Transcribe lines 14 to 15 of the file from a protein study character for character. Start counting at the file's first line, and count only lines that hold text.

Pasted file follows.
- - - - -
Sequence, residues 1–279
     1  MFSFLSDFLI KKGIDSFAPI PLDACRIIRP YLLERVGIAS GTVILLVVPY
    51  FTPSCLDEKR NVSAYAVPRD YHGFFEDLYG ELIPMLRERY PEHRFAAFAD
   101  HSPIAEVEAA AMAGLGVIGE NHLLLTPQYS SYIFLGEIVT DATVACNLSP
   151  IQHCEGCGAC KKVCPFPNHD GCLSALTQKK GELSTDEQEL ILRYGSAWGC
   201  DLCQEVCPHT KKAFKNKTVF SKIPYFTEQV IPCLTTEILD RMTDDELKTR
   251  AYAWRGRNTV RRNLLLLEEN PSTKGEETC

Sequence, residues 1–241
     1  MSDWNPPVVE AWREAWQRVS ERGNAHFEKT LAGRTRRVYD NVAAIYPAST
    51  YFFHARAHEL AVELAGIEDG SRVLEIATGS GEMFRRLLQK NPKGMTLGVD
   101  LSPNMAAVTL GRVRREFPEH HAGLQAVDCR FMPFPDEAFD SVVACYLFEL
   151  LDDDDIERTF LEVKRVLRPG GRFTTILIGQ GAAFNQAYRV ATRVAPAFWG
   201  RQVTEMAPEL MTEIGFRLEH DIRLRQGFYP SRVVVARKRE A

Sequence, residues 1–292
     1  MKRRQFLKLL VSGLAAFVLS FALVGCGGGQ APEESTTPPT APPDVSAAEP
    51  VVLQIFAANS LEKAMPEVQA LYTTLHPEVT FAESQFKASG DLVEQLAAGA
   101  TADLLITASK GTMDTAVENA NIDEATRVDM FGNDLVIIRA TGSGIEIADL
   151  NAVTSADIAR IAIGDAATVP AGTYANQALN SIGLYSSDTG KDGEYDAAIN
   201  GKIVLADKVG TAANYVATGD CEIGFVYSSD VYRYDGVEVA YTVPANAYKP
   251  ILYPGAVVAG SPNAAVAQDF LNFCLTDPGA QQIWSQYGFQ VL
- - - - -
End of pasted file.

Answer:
Sequence, residues 1–292
     1  MKRRQFLKLL VSGLAAFVLS FALVGCGGGQ APEESTTPPT APPDVSAAEP